Friday, September 20, 2013

What is a Machine Specific Emergency Plan?


Administrative controls are part of the foundation for an overall safeguarding solution.  One often overlooked administrative control is the Machine Emergency Plan.  Most facilities have emergency plans in place in case of a fire, chemical spill or other plant wide incident.  But do you have specific emergency plans for your machinery?  CSA Z432-04: Safeguarding of Machinery requires precautions for the escape and rescue of trapped persons.


Let’s imagine for example a potentially horrific situation.  An operator using one of your press machines has gotten their arm caught in the machine.  What happens next is very critical.  If it’s a mechanical press, maybe the machine hasn’t stopped at the top of the cycle and has cycled partly again while the operator is trying to load a part.  Do you have the ability to reverse the motor to allow the machine to cycle backwards?  Do you have blocks nearby to block the ram to ensure while lifting that it can’t slip and trap the worker again before they are removed?  Have you asked the right questions for all the things that might be needed for a rescue of the operator?  Your first call might be to emergency responders, but having the procedures documented for an incident still will be needed to provide to them or to assist them.  You know your equipment the best.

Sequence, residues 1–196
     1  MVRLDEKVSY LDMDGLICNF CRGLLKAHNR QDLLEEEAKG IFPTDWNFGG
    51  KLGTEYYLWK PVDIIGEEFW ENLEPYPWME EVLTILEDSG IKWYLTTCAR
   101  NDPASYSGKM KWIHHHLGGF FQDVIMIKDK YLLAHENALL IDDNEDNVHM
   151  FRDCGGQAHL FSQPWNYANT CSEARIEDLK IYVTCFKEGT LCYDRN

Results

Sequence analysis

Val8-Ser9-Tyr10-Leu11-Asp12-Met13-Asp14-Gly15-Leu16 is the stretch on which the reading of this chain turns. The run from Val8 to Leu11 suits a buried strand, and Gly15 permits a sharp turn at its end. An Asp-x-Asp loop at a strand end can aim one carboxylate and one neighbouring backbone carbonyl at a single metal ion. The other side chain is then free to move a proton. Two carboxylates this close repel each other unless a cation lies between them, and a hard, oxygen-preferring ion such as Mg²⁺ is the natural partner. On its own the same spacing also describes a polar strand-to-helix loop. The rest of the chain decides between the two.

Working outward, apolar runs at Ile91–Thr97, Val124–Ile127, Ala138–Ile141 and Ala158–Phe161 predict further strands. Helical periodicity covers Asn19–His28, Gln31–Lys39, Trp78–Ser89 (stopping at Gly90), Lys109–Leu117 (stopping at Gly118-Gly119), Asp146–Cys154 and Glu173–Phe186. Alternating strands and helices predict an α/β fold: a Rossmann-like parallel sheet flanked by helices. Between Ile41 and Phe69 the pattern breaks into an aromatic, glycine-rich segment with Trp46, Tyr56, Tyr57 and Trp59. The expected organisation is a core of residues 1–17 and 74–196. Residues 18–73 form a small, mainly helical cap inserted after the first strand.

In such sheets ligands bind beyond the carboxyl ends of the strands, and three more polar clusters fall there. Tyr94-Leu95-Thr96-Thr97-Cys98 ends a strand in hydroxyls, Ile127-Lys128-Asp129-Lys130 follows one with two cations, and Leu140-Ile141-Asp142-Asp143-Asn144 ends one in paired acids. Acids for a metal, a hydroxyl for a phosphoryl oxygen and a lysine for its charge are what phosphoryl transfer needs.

Caution, as this example is not being used to outline an exact procedure for an emergency plan.  An emergency plan is unique to a piece of equipment because every piece of equipment can be used differently.  The tools to be used for a rescue might be unique to each piece of equipment.  Jacks that could be used to lift a ram need to be sized for a particular type of equipment.  Your emergency plan should contain not only procedures, but a list of tools that might be required for a rescue.  Also a team should be formed to help draft and execute that plan if needed.  All of the local emergency numbers for outside help (ambulance, fire, etc) should be noted on this plan.


A Machine Emergency Plan starts first with the strategy.  Sit down with your safety committee and the key stakeholders, including operators and maintenance personnel.  Document the plan and review it with the team.  Work through all the possibilities that the team can come up with.  Review the risk assessment to see if the major hazards have been covered.  Next practice that plan, run drills with your team to make sure the plan is understood and everything is in place.  Finally assign a team to the plan.  These could be members of your plant emergency team, or you could have a different team just for machinery emergencies.


Having an emergency plan could make the difference between a minor injury and an amputation or worse.  If you would like to schedule some time with us to talk further about this, please don’t hesitate to contact us.

Posted by Kristin Petaski at 12:39 PM 0 Comments
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